Director-General for DOC Mervyn English said he respected people's right to protest, however there was "significant science behind the safe use of 1080 and its effectiveness in reducing predators that kill our native wildlife in the wilderness".

"During August, DOC staff have faced more abuse than normal," he said. "There have been eight incidents where staff have been physically confronted, abused and harassed. There have been seven incidents of abusive phone calls or emails. There have been countless incidents of social media threats and abuse."

The DOC, OSPRI (TBFree NZ), Federated Farmers, Forest and Bird and WWF-NZ back the use of the pesticide, calling 1080 an "effective, safe and valuable tool in the fight to protect New Zealand's forests and native birds, bats, insects and lizards".

"1080 is saving our birds, plants and insects. We have a choice between rats, stoats and possums or our unique native species. The situation is urgent and we have a predator crisis," Mr English said. 

Fake 1080
Workers picking up fake 1080 pellets left on the steps of Parliament. Source: 1 NEWS


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Watch: Jacinda Ardern says Simon Bridges is 'jealous' of Government during heated exchange over starting wage

Prime Minister Jacinda Ardern said National leader Simon Bridges is "jealous" of the Government, during a heated exchange over the starting wage in Parliament's Question Time today.

Mr Bridges was seeking clarification on whether the starting wage (also known as the youth rate) would be abolished in October, after he said a press statement from Iain Lees-Galloway in December stated this would be the case.

Ms Ardern didn't answer the question directly, instead giving a passionate defence of her Government's processes.

"It's clear that we have established policy between this coalition Government that is set out in the public domain, everything else goes through a Cabinet process.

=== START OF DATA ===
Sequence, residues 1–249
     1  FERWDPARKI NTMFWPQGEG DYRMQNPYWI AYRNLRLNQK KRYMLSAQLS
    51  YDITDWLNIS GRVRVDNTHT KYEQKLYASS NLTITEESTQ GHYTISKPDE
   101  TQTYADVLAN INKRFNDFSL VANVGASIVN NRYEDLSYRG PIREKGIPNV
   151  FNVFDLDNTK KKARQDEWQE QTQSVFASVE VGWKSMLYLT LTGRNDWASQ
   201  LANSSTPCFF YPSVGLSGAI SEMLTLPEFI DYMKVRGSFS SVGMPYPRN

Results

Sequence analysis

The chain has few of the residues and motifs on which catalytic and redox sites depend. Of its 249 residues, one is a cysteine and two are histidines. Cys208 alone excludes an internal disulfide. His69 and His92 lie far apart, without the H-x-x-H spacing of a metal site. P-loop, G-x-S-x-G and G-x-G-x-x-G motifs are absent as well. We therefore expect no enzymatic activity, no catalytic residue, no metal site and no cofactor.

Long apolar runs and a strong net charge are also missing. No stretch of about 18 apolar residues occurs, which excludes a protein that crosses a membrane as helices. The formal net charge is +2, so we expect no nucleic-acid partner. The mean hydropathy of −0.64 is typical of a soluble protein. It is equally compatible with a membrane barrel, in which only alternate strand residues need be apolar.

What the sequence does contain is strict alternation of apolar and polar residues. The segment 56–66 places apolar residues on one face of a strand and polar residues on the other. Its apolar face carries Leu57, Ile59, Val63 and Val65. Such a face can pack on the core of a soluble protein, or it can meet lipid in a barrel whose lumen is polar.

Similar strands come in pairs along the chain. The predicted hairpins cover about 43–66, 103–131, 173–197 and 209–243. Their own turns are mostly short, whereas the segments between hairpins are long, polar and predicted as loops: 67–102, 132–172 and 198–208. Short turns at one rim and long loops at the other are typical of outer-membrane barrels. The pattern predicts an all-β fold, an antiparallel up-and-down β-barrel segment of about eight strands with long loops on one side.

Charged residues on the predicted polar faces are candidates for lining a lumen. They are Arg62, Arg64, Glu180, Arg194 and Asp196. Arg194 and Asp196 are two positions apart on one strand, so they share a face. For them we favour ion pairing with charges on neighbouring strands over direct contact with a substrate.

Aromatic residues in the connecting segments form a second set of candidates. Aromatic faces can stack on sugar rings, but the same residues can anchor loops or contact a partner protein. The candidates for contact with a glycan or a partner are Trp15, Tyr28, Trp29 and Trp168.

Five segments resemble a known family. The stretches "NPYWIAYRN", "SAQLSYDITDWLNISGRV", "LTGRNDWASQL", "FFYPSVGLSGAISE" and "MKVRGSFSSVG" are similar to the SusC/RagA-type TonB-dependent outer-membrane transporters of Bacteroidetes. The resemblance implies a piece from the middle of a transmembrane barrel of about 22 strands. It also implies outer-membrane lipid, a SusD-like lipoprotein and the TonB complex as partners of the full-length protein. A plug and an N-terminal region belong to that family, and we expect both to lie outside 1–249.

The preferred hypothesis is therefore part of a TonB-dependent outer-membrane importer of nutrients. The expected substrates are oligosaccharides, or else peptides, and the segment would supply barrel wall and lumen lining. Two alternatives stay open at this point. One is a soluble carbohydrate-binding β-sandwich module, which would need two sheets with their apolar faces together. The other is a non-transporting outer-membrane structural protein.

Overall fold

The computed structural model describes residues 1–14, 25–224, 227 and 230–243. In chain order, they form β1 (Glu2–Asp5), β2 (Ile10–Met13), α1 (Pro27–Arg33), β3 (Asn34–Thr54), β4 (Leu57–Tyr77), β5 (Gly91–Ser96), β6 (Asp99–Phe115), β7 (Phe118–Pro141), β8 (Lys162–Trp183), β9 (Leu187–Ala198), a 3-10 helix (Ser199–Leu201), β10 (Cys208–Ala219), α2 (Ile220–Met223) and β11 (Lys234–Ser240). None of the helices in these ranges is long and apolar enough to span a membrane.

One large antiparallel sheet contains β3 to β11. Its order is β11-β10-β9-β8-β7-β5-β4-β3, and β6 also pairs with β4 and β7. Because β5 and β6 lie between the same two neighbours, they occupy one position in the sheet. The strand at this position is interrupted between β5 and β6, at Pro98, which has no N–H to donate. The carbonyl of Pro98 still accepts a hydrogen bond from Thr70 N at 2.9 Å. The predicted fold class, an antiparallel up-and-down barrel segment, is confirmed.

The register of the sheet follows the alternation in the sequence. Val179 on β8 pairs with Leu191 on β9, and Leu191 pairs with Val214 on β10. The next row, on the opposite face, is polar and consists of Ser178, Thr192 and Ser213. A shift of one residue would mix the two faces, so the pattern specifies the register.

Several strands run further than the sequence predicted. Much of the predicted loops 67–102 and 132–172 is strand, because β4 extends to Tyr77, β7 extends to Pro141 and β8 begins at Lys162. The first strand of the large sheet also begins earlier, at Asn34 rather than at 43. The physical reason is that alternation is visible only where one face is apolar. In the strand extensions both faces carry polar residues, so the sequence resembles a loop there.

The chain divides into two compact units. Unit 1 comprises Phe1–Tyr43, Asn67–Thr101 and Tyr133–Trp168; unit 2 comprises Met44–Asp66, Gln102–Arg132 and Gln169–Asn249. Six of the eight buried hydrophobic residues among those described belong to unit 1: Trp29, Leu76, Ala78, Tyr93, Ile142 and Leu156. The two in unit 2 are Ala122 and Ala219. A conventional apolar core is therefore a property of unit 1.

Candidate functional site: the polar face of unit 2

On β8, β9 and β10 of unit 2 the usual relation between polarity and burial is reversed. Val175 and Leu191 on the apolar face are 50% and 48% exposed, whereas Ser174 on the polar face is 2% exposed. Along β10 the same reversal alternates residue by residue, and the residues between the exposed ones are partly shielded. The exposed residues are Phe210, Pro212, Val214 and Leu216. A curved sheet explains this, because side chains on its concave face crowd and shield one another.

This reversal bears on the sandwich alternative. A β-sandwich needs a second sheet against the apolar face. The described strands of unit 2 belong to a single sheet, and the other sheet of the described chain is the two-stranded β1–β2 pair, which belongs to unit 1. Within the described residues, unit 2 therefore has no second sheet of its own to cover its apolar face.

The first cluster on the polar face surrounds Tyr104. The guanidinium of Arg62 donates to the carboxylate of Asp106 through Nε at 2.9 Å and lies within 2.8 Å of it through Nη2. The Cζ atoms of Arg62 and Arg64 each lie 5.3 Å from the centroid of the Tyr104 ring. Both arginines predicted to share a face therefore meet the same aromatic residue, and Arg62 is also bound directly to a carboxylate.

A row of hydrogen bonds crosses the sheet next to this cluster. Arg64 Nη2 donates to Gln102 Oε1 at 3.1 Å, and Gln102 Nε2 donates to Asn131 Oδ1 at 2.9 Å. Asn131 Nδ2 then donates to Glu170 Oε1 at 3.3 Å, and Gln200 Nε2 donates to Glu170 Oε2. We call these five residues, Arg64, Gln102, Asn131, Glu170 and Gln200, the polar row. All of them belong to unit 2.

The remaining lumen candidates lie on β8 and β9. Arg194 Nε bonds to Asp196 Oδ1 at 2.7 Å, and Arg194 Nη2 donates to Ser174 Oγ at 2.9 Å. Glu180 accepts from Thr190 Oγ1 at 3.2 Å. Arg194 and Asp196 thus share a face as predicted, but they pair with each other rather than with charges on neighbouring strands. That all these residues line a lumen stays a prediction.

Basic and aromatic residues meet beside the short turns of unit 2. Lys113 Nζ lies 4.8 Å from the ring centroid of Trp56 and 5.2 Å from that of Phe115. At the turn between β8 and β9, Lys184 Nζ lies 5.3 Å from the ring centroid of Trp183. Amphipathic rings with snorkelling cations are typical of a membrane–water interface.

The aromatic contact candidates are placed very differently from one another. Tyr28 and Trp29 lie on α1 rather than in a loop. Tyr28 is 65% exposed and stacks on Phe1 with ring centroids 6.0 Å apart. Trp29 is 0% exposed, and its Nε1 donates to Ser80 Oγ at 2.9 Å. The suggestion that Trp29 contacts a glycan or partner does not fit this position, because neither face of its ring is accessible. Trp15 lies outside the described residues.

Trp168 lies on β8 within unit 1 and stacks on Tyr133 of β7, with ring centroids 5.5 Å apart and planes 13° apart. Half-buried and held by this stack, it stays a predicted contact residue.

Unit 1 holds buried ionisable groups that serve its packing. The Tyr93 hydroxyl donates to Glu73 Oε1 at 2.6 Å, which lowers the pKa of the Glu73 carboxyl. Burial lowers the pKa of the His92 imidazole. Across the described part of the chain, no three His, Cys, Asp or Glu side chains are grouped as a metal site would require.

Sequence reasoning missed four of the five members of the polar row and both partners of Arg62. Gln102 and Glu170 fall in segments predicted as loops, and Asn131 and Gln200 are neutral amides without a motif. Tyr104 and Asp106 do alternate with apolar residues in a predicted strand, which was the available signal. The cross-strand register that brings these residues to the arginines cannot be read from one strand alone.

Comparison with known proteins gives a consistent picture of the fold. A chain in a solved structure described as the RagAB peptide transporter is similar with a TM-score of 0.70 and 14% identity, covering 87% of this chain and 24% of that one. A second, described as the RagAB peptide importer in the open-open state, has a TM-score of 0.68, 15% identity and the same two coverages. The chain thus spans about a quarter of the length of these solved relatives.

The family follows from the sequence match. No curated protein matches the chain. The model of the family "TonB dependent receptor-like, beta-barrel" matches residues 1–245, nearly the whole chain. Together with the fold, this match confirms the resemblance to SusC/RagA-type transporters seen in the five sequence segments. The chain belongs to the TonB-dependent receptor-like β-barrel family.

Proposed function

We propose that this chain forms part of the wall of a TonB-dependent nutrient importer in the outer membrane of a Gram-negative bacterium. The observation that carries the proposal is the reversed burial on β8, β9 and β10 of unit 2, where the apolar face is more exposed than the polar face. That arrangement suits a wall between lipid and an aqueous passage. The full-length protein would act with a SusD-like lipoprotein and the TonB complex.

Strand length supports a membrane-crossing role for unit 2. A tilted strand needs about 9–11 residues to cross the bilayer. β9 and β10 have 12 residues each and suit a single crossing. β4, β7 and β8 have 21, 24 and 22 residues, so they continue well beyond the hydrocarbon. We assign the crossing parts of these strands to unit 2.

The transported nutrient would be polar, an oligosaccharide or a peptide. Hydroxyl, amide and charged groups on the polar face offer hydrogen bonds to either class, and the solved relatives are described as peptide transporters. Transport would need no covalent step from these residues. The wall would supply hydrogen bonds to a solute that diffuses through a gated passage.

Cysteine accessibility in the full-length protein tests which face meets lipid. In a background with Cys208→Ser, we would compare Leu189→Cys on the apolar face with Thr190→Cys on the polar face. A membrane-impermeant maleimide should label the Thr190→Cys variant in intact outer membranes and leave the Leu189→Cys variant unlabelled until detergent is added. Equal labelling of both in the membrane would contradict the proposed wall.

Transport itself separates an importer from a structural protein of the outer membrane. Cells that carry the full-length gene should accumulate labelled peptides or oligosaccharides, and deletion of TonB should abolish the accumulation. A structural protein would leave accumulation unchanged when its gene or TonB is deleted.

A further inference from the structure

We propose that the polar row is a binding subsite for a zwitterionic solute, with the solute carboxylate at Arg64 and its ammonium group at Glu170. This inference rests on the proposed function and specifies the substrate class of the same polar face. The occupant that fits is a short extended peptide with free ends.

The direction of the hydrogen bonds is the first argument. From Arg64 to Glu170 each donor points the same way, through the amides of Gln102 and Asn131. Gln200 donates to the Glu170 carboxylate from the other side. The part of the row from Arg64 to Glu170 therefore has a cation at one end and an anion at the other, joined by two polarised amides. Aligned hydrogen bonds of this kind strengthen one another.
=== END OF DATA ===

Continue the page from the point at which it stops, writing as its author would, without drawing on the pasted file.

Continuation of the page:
"Now I know the member continues to be jealous that he is not on this side of the House in the position to make the changes that this Government has made and that we have achieved in one year more than that government achieved in nine, but we stick to a process," she said.

National's deputy leader Paula Bennett could then be heard saying that "the fairy dust has settled" before Mr Bridges continued to press the Prime Minister.

"So when Iain Lees-Galloway said in December in a ministerial press statement that we will abolish starting out wages by October 2018 was that just a personal commitment?" he asked.

Ms Ardern answered again that the coalition Government follows a process, saying Mr Bridges might find it hard to understand how three parties can work together.

"So can we no longer believe ministerial press statements unless they are signed off by Mr Peters?" Mr Bridges replied.

"No, ridiculous," was Ms Ardern's brief response.

The starting-out wage applies solely to workers aged between 16 and 19 and who are entering the workforce for the first time and is currently set at $13.20 per hour.


 


New World's reusable container promotion backfires after microwave mishaps

A promotion by the New World supermarket chain intended to attract eco-conscious New Zealanders has somewhat backfired.

The New Zealand-based company has issued an apology to customers on its website after receiving reports that some of their reusable food storage "pods" were becoming "damaged" in the microwave.

"This is a serious issue and has our full attention," the company said. "Firstly, we would like to reassure customers that there is no food safety issue and we have been working with MPI and other experts on this."

New World launched the container promotion earlier this month, giving them away free to customers who spent a certain amount on groceries. The items, which come with a vacuum pump, have been promoted as a way to make food last longer - reducing food waste.

"New Zealand homes throw away 122,547 tonnes of food per year, all of which could have been eaten," the company pointed out. "This is enough food to feed the whole of Dunedin for two years!"

But now the narrative has changed, with New World promising it is "advising customers through as many channels as possible" that the pods shouldn't go in the microwave.

"We would like to reassure members, staff and customers that there is no food safety issue," the company said on its website. "We have verified this with independent industry experts."

The pods were safety tested prior to the promotion, but it wasn't until two customers brought the microwave issue to the company's attention that it was realised something had gone wrong.

New World said it has launched an investigation into how the error occurred.

New World's reusable food container promotion was intended to target food waste. Source: New World